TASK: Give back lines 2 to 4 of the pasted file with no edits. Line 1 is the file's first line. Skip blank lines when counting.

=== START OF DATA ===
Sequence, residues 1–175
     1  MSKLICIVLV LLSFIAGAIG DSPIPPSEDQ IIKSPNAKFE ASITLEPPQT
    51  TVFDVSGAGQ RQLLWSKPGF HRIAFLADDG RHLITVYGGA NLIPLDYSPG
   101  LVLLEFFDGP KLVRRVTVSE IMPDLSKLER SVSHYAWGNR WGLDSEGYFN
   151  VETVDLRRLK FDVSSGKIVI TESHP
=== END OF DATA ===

     1  MSKLICIVLV LLSFIAGAIG DSPIPPSEDQ IIKSPNAKFE ASITLEPPQT
    51  TVFDVSGAGQ RQLLWSKPGF HRIAFLADDG RHLITVYGGA NLIPLDYSPG
   101  LVLLEFFDGP KLVRRVTVSE IMPDLSKLER SVSHYAWGNR WGLDSEGYFN